Bucket Fountain

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The Bucket Fountain in Wellington's Cuba Mall

The Bucket Fountain is an iconic kinetic sculpture in Wellington, the capital city of New Zealand. It is located in Cuba Mall, which is part of Cuba Street.[1] It consists of a series of "buckets" that fill with water until they tip, spilling their load into the buckets and pool below. The fountain was designed by Graham Allardice of Burren and Keen and erected in 1969.[2][3]

It is very similar to a fountain erected in Liverpool in 1967 designed by Richard Huws.

Much of the water does not reach the buckets below, but instead splashes onto pedestrians and onlookers. On windy days (common in Wellington) water is carried several metres from the fountain.[4]

People often add dishwashing detergent to the water, which spreads bubbles all over the mall. This is common on Friday and Saturday nights.[5]

Wellington City Council upgraded the fountain in 2003, and some buckets were turned around so they intentionally tip their water onto the pavement.[6]

Incidents[edit]

Elijah Wood, who played Frodo in Peter Jackson's The Lord of the Rings films, climbed on and drunkenly urinated in the fountain while in New Zealand filming the movies. This was confirmed by the actor during an interview with Jay Leno.[7]

In March 2006, the fountain was coated in a mud-like substance by New Zealand artist John Radford.[8]

In January 2014 the bucket fountain was victim of a simulated oil spill with the water turned black. The protest was "to illustrate the threat which deep sea drilling poses to Wellington coasts, local businesses, the environment and the people."[9]

In February 2016, one of the larger yellow buckets located near the bottom of the fountain was stolen in the night.[10] After a plea by the Wellington City Council to have the bucket returned, the missing bucket was left in the pool at the base of the fountain. The returned bucket was found to have been painted with an intricate and psychedelic pattern.[11] On 17 March, the bucket was reinstalled on the fountain. Wellington Mayor Celia Wade-Brown, when approached on the issue, said "I'm unequivocally blissful they brought it back unscathed and apparently enhanced, from what I’ve seen. We consider it an utterly appealing small paint job."[12]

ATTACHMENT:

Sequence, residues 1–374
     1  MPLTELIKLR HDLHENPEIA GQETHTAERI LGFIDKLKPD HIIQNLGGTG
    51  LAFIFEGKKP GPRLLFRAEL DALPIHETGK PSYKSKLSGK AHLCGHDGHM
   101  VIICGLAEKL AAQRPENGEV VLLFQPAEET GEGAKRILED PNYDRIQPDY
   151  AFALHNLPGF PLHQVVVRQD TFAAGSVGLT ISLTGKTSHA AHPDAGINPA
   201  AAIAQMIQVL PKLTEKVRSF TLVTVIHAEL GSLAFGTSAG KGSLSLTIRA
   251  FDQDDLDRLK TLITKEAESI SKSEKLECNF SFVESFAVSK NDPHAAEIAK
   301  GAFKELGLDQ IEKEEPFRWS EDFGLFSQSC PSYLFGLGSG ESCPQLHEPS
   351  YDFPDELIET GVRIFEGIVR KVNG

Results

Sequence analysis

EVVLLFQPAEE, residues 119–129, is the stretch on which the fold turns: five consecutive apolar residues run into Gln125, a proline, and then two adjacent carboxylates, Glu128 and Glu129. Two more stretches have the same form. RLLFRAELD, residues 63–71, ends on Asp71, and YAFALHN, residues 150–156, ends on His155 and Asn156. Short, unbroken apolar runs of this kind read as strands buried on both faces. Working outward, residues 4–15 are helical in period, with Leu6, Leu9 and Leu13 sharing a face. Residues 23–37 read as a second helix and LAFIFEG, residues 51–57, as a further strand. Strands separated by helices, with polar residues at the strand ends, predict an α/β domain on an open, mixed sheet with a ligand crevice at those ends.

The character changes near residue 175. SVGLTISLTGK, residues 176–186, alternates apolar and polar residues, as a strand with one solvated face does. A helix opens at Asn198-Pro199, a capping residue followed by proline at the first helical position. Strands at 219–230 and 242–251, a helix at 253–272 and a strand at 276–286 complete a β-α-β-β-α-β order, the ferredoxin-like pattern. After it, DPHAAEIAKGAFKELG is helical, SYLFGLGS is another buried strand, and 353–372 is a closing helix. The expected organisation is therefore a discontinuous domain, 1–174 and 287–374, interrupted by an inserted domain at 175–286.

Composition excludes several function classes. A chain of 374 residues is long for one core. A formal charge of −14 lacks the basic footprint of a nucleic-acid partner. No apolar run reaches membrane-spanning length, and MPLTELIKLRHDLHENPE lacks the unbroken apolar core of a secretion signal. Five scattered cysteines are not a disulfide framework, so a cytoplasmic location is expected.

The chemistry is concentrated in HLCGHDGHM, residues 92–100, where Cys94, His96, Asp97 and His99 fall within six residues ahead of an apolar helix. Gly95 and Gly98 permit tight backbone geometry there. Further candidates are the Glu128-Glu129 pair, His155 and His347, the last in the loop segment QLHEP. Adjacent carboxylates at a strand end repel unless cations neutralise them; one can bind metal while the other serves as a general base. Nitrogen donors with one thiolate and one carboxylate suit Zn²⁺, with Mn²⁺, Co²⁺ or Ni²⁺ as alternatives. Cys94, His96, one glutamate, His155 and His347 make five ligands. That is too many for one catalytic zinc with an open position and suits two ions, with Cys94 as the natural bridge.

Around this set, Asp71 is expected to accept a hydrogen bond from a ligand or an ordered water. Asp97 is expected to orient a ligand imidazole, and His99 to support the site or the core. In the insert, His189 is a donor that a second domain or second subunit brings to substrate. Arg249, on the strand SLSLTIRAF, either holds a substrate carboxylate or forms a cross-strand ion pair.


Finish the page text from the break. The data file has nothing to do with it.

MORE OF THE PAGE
In October 2021 one of the larger buckets was reported stolen from the fountain.[13] It was retrieved in December 2021 after a member of the public spotted a picture of the bucket on social media and reported it to the Wellington City Council. The thief had painted the bucket gold and drawn a dragon on it. By the time the bucket was found the Council was in the process of creating a replacement bucket which would cost $2000.[14]

The fountain coated in mud-like substance, March 2006
The lower yellow bucket with upgraded paint job, February 2016.

References[edit]

  1. ^ "Wellington City Council Art and Architecture – Bucket Fountain". Archived from the original on 14 October 2008. Retrieved 26 May 2008.
  2. ^ "Unofficial Bucket Fountain website". Archived from the original on 21 May 2008. Retrieved 26 May 2008.
  3. ^ Nicol-Williams, Kate (13 October 2019). "Wellington's bucket fountain celebrates half a century of splashing pedestrians". 1 News. Retrieved 1 May 2022.
  4. ^ "Unofficial Bucket Fountain Website – How it works, before and after". Archived from the original on 25 May 2008. Retrieved 26 May 2008.
  5. ^ Wellington Sights: A Travel Guide to the Top Attractions in Wellington, New Zealand — Google Books
  6. ^ Wellington City Council Annual Report 2003/04: Key Achievement Areas – Built Environment[permanent dead link]
  7. ^ Elijah Wood on Jay Leno Transcript: The OneRing.net
  8. ^ "Wellington City Council Public Art – Temporary Art Projects". Archived from the original on 22 May 2010. Retrieved 9 January 2010.
  9. ^ Penman, Carla. "Oil spill in Wellington Bucket Fountain". Newstalk ZB. Archived from the original on 20 October 2016.
  10. ^ "The ultimate bucket list theft". Stuff. Retrieved 29 March 2016.
  11. ^ "The bucket is back". Stuff. Retrieved 29 March 2016.
  12. ^ "Wellington's mayor a fan of new bucket artwork". www.sketchtv.com. Retrieved 6 May 2016.
  13. ^ Boyack, Nicholas (21 October 2021). "'Bring back the bucket'- Wellington's Cuba Mall fountain is missing a bucket – again!". Stuff. Archived from the original on 21 October 2021. Retrieved 22 December 2021.
  14. ^ Green, Kate (21 December 2021). "Yellow bucket from Cuba St fountain found in what Wellington council calls 'Christmas miracle'". Stuff. Archived from the original on 21 December 2021. Retrieved 22 December 2021.

External links[edit]

Coordinates: 41°17′32″S 174°46′35″E / 41.292258°S 174.776293°E / -41.292258; 174.776293